How to Grow Carrots
Instructions for Growing Carrots
in Your Vegetable Garden
Carrots are hardy biennials. You can grow round and short varieties of carrots in container gardens, but if growing the longer variety, you will need to grow them in an open garden. The underground root is part harvest crop, and they come in a variety of colors and sizes.
Gardening Tip for Growing Carrots - Carrots do not grow well next to dill. Review companion gardening.
Beta carotene (vitamin A), dietary fiber, potassium, manganese, chromium, niacin, thiamin, Vitamin B6, Vitamin C
Growing carrots produces the best results in cooler areas, but they can grow in most climates.
Carrots can grow in partial shade, but prefer full sun.
Deeply dug sandy garden beds enriched with compost are best for growing carrots. (If using manure in your garden, make sure it is well rotted (not fresh)). Grow carrots in deep, loose soil to give them the most room to grow.
Carrot roots grow deep, smooth, and without blemishes in sandy or loamy garden soils. Carrots are not particular about having a precise a pH (5.5 to 7.0). (see - how to test soil pH.) However, good drainage is important when growing carrots.
Keep your carrot garden weed free, but be careful to not disturb the carrot's roots.
Carrot seeds can take up to 3 weeks to germinate. Sow the carrot seeds directly in the soil, in the spring as soon as you’re able to work the garden soil.
Prepare garden furrows 10” apart and sow seeds ¼” deep. Cover with seed starting mix and water lightly. Water lightly daily until the seedling emerge. When the seedlings grow to 2” high, thin to 1 inch apart. When the remaining seedlings grow to 6” tall, thin out again to 2” apart.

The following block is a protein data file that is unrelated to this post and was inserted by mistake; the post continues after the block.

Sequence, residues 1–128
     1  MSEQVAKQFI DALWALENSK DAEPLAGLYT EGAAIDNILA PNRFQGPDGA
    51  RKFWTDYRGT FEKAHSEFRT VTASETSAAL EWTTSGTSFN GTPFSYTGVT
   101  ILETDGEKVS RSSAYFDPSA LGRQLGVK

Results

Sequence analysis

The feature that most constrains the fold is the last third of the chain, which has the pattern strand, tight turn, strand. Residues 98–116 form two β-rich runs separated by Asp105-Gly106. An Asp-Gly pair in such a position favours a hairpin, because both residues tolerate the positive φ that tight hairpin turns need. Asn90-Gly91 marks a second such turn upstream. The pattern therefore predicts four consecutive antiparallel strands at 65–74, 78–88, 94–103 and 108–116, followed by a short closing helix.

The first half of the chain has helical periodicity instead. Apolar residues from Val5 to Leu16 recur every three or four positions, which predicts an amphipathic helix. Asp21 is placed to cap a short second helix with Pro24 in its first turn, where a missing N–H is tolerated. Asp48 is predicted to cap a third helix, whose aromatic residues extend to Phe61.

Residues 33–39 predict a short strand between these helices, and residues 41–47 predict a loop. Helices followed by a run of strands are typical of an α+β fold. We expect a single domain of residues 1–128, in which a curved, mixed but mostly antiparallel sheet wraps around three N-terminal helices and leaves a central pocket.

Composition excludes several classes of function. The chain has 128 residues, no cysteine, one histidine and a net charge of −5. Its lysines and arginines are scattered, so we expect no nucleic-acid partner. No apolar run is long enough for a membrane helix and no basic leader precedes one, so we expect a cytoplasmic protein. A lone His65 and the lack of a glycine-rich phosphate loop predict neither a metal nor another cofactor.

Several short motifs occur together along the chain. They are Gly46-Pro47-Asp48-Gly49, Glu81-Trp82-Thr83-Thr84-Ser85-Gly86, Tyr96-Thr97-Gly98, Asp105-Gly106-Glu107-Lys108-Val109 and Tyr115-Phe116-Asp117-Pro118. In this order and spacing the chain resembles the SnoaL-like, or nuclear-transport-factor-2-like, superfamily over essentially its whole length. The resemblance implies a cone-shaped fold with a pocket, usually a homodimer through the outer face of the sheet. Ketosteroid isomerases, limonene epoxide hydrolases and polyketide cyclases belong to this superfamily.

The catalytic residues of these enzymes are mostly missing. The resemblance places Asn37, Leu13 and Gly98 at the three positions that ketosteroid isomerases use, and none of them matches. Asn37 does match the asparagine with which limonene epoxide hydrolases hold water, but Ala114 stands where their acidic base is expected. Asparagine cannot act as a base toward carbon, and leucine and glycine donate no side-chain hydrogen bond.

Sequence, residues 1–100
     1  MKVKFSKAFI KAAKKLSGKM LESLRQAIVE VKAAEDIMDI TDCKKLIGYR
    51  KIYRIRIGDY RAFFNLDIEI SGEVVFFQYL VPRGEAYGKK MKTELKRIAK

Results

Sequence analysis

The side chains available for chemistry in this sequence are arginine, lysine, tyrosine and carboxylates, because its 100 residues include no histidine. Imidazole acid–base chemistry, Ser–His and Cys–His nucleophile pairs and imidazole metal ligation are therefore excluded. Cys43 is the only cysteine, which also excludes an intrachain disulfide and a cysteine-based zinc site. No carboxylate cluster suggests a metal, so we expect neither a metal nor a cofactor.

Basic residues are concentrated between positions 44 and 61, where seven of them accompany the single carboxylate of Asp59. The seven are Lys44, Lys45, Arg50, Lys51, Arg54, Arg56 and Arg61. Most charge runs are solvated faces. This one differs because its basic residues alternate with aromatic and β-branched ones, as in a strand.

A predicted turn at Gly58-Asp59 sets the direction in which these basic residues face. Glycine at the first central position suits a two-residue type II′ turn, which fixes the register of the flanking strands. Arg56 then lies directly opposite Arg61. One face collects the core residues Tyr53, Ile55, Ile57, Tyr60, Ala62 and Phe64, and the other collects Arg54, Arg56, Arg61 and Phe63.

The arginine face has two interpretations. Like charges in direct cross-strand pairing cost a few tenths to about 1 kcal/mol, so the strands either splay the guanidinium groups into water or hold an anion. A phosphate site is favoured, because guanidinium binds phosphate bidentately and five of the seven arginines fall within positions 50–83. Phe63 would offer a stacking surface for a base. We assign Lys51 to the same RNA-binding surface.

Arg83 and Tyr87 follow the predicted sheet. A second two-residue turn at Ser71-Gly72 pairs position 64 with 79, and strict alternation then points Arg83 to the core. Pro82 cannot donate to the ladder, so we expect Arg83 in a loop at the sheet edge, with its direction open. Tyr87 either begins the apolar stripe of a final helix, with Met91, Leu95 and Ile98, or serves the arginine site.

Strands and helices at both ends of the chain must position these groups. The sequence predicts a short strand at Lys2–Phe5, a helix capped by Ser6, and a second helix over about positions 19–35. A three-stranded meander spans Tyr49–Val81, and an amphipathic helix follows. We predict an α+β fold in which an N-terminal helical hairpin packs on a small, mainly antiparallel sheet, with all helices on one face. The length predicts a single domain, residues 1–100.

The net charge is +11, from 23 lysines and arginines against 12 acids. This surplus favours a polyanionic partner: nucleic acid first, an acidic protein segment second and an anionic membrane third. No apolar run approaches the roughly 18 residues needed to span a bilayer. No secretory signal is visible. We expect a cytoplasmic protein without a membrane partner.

Gardening Tip for Growing Carrots - Make successive plantings every 3 weeks, for an extended harvest.
Discarded seedlings can be eaten as “baby carrots.”
During the first 8 weeks of the growing season, only small amounts of water are needed (this forces the roots to grow deeper).
Water heavily only if soil dries out as the crop matures. (Too much water makes the roots crack.)
Do not over fertilize when growing carrots. Garden beds that were heavily manured the previous gardening season work the best. Too much nitrogen causes the plant to grow extra leaves, instead of bigger roots. Too much fertilizer can also affect the coloring of the roots.
Carrot aphids can be troublesome, as can root nematodes (which make the carrot leaves curl and turn red).
Diseased plants should be immediately pulled out and burned. (NEVER COMPOST DISEASED PLANTS!)
Gardening Tip for Growing Carrots - Practice good vegetable gardening by rotating your crops within your garden space with each new season. This will prevent many plant diseases.
You can harvest carrots whenever you wish, based on the size you prefer. Growing carrots takes approximately 4 months, depending upon the variety.
Harvest when the soil is moist (this prevents the roots from snapping). Use a garden fork to lift the carrots gently out of the ground.
Harvest late crops for winter storage.
If you're in a climate with mild winters where the ground doesn't freeze, you can overwinter this vegetable by leaving them in the ground, removing them from the garden only as needed.
Otherwise, store carrots between layers of sand in bins, in a cool cellar. If your cellar has very dry air, you may want to ever so slightly moisten (mist) the sand.
Note: the advice and information contained herein is based upon our experience and study. As with any advice, please apply at your own discretion.